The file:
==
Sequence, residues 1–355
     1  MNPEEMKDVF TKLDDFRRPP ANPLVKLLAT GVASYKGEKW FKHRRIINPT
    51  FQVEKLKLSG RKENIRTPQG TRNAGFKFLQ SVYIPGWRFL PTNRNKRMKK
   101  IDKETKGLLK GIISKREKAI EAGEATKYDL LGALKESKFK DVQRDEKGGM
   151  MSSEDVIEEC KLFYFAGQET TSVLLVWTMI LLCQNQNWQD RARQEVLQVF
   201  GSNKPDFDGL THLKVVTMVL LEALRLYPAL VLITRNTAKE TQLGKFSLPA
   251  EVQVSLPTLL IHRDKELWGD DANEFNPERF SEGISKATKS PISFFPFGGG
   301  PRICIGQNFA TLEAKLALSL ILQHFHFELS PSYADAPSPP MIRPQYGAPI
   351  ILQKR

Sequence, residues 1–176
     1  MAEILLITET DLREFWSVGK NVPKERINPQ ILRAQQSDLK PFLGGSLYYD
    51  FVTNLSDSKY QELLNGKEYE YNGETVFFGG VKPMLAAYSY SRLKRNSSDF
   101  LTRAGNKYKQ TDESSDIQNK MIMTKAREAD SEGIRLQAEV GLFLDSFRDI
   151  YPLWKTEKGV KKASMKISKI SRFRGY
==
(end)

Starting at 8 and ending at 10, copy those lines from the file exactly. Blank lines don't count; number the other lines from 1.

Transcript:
   301  PRICIGQNFA TLEAKLALSL ILQHFHFELS PSYADAPSPP MIRPQYGAPI
   351  ILQKR

Sequence, residues 1–176